Connecticut will label GMOs if you do too
Connecticut is poised to become the first state to require labeling of genetically engineered food — in theory, at least.
On Monday, the state House of Representatives passed an amended version of a labeling bill that the state Senate approved two weeks ago, and Gov. Dannel Malloy (D) has said he’ll sign it. The bipartisan bill passed unanimously in the Senate and 134-to-3 in the House, with little debate in either chamber — a major contrast to California’s contentious GMO-labeling ballot initiative that ultimately failed last year. Differences between the two states aside, it goes to show you how much more difficult passing such progressive measures becomes once corporate money and gullible voters are involved.
The Hartford Courant’s political blog reports that “Immediately after the vote, cheers could be heard outside the Hall of the House from advocates who had been pushing the labeling requirement.” The bill’s success is certainly an important victory for the GMO-labeling movement, which seems to have been motivated, not discouraged, by last year’s loss in California. Thirty-seven labeling proposals have been introduced in 21 states so far this year.
But the final version of the Connecticut bill includes quite a crucial catch: The labeling requirement won’t actually go into effect until similar legislation is passed by at least four other states, one of which borders Connecticut. Also, the labeling adopters must include Northeast states with an aggregate population of at least 20 million. So if, say, New York passed a labeling law, that would help a lot, as New York borders Connecticut and has a population of 19.5 million, which, combined with Connecticut’s 3.5 million, easily passes the population target.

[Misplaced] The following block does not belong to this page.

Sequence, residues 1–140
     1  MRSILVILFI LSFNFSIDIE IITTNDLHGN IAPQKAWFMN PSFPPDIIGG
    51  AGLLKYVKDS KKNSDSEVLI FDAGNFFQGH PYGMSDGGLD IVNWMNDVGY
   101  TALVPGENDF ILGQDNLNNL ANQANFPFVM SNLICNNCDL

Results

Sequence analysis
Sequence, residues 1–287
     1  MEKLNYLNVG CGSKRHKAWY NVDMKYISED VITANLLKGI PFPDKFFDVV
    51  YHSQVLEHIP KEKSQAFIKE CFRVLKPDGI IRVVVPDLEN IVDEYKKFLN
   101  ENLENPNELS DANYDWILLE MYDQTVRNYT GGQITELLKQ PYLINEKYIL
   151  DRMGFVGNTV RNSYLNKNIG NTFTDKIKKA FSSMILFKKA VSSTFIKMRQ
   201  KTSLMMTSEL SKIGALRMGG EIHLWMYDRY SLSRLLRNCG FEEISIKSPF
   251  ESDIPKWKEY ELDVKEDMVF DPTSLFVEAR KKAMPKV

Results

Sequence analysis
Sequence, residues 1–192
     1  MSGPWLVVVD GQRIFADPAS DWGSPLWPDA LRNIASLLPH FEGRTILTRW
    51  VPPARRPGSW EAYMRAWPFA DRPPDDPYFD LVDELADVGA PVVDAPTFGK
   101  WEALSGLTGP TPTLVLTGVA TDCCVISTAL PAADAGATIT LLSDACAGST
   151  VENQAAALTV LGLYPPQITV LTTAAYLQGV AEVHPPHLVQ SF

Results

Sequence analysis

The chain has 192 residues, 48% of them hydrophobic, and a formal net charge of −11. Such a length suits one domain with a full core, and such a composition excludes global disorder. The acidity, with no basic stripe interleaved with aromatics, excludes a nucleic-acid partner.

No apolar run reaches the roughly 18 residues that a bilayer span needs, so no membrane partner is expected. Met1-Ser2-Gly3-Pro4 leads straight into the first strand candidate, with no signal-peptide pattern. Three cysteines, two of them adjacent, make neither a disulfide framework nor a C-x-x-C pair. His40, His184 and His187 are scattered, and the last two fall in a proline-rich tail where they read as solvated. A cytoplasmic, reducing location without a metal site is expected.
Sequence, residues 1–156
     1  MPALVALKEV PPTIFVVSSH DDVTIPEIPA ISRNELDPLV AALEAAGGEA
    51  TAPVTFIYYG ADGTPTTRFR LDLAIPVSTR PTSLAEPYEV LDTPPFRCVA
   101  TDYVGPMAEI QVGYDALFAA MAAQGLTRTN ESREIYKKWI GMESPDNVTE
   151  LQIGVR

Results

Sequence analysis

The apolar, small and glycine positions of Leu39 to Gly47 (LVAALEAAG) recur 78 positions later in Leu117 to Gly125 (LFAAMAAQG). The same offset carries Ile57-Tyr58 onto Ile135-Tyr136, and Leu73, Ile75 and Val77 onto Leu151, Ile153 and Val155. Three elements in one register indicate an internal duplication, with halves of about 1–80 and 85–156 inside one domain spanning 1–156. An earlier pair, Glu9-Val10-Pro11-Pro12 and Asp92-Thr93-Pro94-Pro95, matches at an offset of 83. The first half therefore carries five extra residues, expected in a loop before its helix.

This “trigger clause” is meant to allay fears that Connecticut could suffer negative economic impacts by going it alone — higher food prices and lawsuits from major food companies. Lawmakers are counting on safety in numbers, and hoping their state’s precedent will encourage others to follow suit. The Connecticut Post reports:
“Somebody has to go first and say it’s OK to do it with some kind of trigger,” [Senate Minority Leader John McKinney (R-Fairfield)] said. “This gives great momentum for advocates in Pennsylvania and New York, for example, for GMO labeling, because if they’re successful in New York we’ll probably see it along the entire East Coast.”
OK, Pennsylvania, New York, and all those other states considering GMO labeling: It’s on you now.
Claire Thompson is an editorial assistant at Grist.
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